Director of drama 'Big Bet' gambles on success of season 2

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Director of drama 'Big Bet' gambles on success of season 2

Actor Choi Min-sik, center, as Cha Mu-sik in "Big Bet" [DISNEY+]

Actor Choi Min-sik, center, as Cha Mu-sik in "Big Bet" [DISNEY+]

Even though the Disney+ drama "Big Bet" wanted to continue the Korean film tradition of dark noir thrillers, audiences seem to have outgrown the genre. 
However, director Kang Yoon-sung isn't fazed. "I think the second act of our series could be the deal breaker," he said during a roundtable interview at a cafe in Jung District, central Seoul on Jan. 30. The first series finished airing on Jan. 25. 
Whether the second season of "Big Bet," set for release on Feb. 15 on Disney+, can make up for the lackluster performance of the first season and the critical failure of the series so far, is the point of contention.
“Big Bet” started out just as its name — big — with the news that veteran actor Choi Min-sik, the star of hit films such as “Oldboy” (2003) among many others, who has not made a television drama appearance since 1997’s “Love and Farewell” (translated), was returning to the small screen for the first time in over two decades.
Centered on Choi’s character Cha Mu-sik, who starts at rock bottom and works his way to the top as a casino mogul in the Philippines, “Big Bet” vowed to attract Korean viewers to Disney+, which has been lagging behind other streaming services such as Netflix, Wavve, Tving and Coupang Play in the domestic market.
Choi Min-sik, left, as protagonist Cha Mu-sik in "Big Bet" [DISNEY+]

Choi Min-sik, left, as protagonist Cha Mu-sik in "Big Bet" [DISNEY+]

When the noir series first kicked off in December last year, the first four episodes garnered an 8.4 rating on IMDb, the highest score among streaming service dramas airing at the time, gaining the upper hand over series such as Netflix’s “The Glory” and others.
But since then, that rating has slipped to 7.3, with more and more viewers expressing that the plotline and time references in the series are too confusing and over-the-top.
Expert reviewers and critics alike have deemed the series a failure, despite Choi’s best efforts. Reviews on sites such as Cinema Escapist, Decider and the South China Morning Post have pointed out that “Big Bet” is “meandering,” “gambles on a complex story and narrative” and that it “shoots in all directions and deals in unnecessary secondary background stories.”
But the director of the series, Kang Yoon-sung, insists that the somewhat hectic and rambling plotline and character buildup of “Big Bet” was intentional and that it’s all part of a plan.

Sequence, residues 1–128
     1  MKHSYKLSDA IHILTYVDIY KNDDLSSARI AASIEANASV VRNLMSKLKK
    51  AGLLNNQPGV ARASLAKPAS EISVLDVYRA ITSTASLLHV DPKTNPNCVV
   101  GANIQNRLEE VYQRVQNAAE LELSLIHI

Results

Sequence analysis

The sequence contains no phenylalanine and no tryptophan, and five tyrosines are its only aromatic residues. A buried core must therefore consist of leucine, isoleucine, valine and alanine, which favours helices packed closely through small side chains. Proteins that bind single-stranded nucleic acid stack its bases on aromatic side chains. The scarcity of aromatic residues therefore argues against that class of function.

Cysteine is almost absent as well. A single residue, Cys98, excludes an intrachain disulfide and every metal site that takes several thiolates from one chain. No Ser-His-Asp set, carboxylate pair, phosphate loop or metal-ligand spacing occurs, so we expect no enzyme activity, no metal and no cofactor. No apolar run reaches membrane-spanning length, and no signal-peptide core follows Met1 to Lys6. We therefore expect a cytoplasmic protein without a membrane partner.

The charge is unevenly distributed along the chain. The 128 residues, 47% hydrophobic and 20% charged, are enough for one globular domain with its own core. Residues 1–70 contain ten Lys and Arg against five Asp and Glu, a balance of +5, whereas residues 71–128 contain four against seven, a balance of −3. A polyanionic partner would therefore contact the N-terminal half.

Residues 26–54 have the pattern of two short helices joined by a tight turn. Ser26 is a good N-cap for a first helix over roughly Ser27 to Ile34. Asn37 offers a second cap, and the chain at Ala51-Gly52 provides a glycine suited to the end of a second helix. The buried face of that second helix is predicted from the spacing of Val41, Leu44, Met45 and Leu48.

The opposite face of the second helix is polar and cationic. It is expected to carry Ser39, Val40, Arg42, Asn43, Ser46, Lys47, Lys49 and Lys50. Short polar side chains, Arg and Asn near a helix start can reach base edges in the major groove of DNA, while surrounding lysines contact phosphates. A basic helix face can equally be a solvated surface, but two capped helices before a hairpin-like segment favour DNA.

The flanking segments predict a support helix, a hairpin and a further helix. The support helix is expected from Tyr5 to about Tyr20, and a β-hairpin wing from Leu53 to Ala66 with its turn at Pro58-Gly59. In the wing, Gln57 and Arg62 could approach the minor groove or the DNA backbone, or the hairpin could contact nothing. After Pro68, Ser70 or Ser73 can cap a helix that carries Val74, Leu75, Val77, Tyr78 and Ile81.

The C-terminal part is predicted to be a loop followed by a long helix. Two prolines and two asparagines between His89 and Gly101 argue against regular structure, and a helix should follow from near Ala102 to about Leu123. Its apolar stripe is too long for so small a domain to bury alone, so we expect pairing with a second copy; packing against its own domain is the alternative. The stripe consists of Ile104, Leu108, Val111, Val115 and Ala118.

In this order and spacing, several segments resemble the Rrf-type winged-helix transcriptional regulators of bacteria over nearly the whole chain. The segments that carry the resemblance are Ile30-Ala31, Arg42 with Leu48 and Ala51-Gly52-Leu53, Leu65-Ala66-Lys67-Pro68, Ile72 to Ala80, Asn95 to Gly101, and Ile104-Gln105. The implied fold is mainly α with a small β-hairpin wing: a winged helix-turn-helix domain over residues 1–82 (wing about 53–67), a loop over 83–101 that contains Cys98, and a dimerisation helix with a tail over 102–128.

Director Kang Yoon-Sung [DINSEY+]

Director Kang Yoon-Sung [DINSEY+]

“I knew we would have these reactions when I was first writing the story,” said Kang during the roundtable interview. “But I strongly felt that ‘Big Bet’ needed a solid backstory for each character. That is why we spent so much time building up Cha’s life story and background information before he actually goes to the Philippines.”
Viewers will be pleasantly surprised with the second season of “Big Bet,” according to Kang.
“This story is supposed to be a two-part act and the real action and shock will be delivered in the second season,” said Kang. “I didn’t want ‘Big Bet’ to just be about addiction to gambling and our human desire for monetary success. I wanted to draw this character Cha Mu-sik, as a person, with both good and bad sides to him. And the whole picture of who this character is will be completed in the second season.”
While it is doubtful whether the series can make such a big turnaround after dragging on the story of Cha and the casino he operates for eight episodes, Kang is certain that audiences can “experience a new world that they have never known the existence of before,” through “Big Bet.”
The main poster for "Big Bet" [DISNEY+]

The main poster for "Big Bet" [DISNEY+]

“I think the essence of cinema, dramas and fiction stories told through a screen is that people can experience places and lives that they had never heard of,” said Kang. “I think many would never have met a person like Cha, and they would never have experienced a setting like the one we draw up in ‘Big Bet.’ My goal was to expose viewers to this world and to tell them that there are actually people who live this way.”
Viewers, although dubious about whether the series can redeem itself as Kang has promised, are waiting for the climax and ending of “Big Bet.” 
“Don’t think the series could redeem itself, but let’s see what happens,” reads a comment in Korean on the second season teaser on YouTube.
The second season of “Big Bet” premieres on Feb. 15.

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